COM Structured Storage in .NET
Written by Harry Fairhead   
Wednesday, 03 February 2010
Article Index
COM Structured Storage in .NET
Opening structured storage
Using IStorage
Reading a stream
Reading JPEG data

Reading the JPEG

By comparison with reading the Catalog, reading one of the thumbnail files is very easy. If the files being thumbnailed are JPEGs then the thumbnails are also JPEGs but with 12 bytes of additional data added to the start. So to read the thumbnail corresponding to the element called "1" and store the result in a .JPG file all you have to do is open a new IStream:

IStream ThumbStream;
Is.OpenStream("1", IntPtr.Zero,
(uint)(STGM.READWRITE |
 STGM.SHARE_EXCLUSIVE),
0, out ThumbStream);

Read the first 12 bytes and throw them away:

byte[] bits = new byte[1000];
ThumbStream.Read(bits, 12,
new IntPtr(&count));

Open a BinaryWriter for the new JPEG file:

BinaryWriter JPEGfile =
new BinaryWriter(File.Open("1.jpg",
FileMode.Create));

Finally keep reading blocks of bits and writing them out to disk until there are no more to read:

do
{
ThumbStream.Read(bits, 1000,
new IntPtr(&count));
JPEGfile.Write(bits, 0, (int)count);
} while (count > 0);
JPEGfile.Close();

You now have a standard JPEG file containing the thumbnail stored on disk.

Creating a BitMap

If you want to work with the thumbnail in memory you probably want to convert it into a BitMap. This is relatively easy but first we need to reposition the stream back to the start, or in this case to the 12th byte. This can be done using the IStream Seek function which makes use of the Stream_Seek enumeration to indicate where the location is relative to. There isn't a predefined enumeration for this but it's easy to add one:

enum STREAM_SEEK : int
{
STREAM_SEEK_SET = 0,
STREAM_SEEK_CUR = 1,
STREAM_SEEK_END = 2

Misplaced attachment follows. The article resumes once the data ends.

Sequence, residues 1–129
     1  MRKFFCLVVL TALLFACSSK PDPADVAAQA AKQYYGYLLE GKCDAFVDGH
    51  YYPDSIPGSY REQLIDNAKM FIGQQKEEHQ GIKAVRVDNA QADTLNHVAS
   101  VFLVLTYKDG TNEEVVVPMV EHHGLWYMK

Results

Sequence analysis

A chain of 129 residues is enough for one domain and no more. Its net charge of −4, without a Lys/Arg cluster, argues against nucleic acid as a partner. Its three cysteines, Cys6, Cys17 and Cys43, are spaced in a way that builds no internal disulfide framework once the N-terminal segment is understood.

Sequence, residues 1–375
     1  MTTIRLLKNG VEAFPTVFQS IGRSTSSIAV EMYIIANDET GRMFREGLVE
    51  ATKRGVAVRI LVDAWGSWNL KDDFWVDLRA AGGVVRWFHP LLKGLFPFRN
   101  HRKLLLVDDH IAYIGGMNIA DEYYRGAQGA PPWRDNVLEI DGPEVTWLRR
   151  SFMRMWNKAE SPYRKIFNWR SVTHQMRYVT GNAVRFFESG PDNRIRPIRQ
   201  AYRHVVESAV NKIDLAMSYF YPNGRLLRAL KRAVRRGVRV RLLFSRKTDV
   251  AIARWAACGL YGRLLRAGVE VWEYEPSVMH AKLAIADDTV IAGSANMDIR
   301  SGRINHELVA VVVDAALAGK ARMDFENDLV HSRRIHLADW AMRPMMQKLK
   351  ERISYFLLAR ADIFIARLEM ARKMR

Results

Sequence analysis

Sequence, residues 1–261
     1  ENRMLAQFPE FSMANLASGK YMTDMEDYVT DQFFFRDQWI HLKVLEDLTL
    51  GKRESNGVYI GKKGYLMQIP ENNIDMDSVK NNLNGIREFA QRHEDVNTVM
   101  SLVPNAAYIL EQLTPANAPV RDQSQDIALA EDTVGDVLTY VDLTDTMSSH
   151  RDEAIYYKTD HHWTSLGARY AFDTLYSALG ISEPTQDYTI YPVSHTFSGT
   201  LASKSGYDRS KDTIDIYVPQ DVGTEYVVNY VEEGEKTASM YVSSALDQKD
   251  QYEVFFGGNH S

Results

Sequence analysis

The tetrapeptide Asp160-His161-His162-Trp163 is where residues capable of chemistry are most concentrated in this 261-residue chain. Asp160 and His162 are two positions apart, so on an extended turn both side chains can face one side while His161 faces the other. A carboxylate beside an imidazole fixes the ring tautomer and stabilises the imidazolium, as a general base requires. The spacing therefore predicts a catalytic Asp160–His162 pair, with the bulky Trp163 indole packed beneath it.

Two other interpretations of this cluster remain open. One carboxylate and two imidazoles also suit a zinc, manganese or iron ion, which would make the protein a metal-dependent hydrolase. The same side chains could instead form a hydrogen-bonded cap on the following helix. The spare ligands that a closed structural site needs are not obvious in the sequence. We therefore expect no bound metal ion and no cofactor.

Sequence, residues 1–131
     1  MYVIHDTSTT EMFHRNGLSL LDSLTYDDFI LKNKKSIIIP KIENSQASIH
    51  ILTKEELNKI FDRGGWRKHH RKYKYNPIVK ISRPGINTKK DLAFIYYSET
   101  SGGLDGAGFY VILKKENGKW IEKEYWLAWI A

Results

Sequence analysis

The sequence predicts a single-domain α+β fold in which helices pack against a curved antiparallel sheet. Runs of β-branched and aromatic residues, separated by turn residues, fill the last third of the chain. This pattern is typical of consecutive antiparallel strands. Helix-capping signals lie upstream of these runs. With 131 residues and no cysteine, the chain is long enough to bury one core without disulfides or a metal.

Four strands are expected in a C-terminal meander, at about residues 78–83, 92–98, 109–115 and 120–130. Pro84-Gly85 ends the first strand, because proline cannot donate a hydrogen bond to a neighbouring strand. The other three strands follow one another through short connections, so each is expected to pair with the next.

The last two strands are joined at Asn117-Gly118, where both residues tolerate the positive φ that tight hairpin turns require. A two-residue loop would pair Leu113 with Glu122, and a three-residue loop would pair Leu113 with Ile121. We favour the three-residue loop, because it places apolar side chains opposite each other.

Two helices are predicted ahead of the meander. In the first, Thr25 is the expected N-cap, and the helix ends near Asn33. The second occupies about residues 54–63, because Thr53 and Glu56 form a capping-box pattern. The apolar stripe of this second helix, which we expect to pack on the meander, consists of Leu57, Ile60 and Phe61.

};

The call to the Seek function to position the reading location at the 12th byte is:

uint position;
ThumbStream.Seek(12,(int)
STREAM_SEEK.STREAM_SEEK_SET,
new IntPtr(&position));

Notice that we have to cast the Stream_Seek type to int – making it almost not worth using the enumeration. We now need to read in the entire JPEG file into a byte array and to do this we need to know the size of the stream. This can be found using the Stat function:

System.Runtime.InteropServices.
ComTypes.STATSTG fileinfo;
ThumbStream.Stat(out fileinfo, 0);

The StatSTG structure, fileinfo, gives lots of information about the stream including cbSize, which is the stream size in bytes. We can now create a buffer of exactly the right size and read the data in:

byte[] BitmapData=
new byte[fileinfo.cbSize-12];
ThumbStream.Read(BitmapData,
BitmapData.Length,
new IntPtr(&count));

To create a BitMap from this data we first need to convert it into a Stream, a MemoryStream to be precise, and then use the appropriate constructor:

 MemoryStream BitmapStream = new
MemoryStream(BitmapData);
Bitmap Jmap = new Bitmap(BitmapStream);
pictureBox1.Image = Jmap;
}

To display the result the Bitmap has been assigned to a PictureBox's Image property. Similar techniques can be used to save an existing JPEG back into the stream to change the thumbnail.

Conclusion

There are many other structured storage tasks, such as creating, writing and even deleting IStream elements, but the basic ideas are the same as for reading IStream elements. In principle when you investigate a structured storage file the IStreams that you find stored inside should be in standard format. That is, if you find a Tiff stored within a Word document then you can open and read it as if it was a standard Tiff stored in a file all on its own. In practice slight modifications to the stored files often make this more difficult and there is very little official documentation on how the formats have been modified.

Working with structured storage isn't difficult in principle, but in practice it can be frustrating.

To access the code for this project, once you have registered, click on CodeBin.

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Last Updated ( Thursday, 04 February 2010 )
 
 

   
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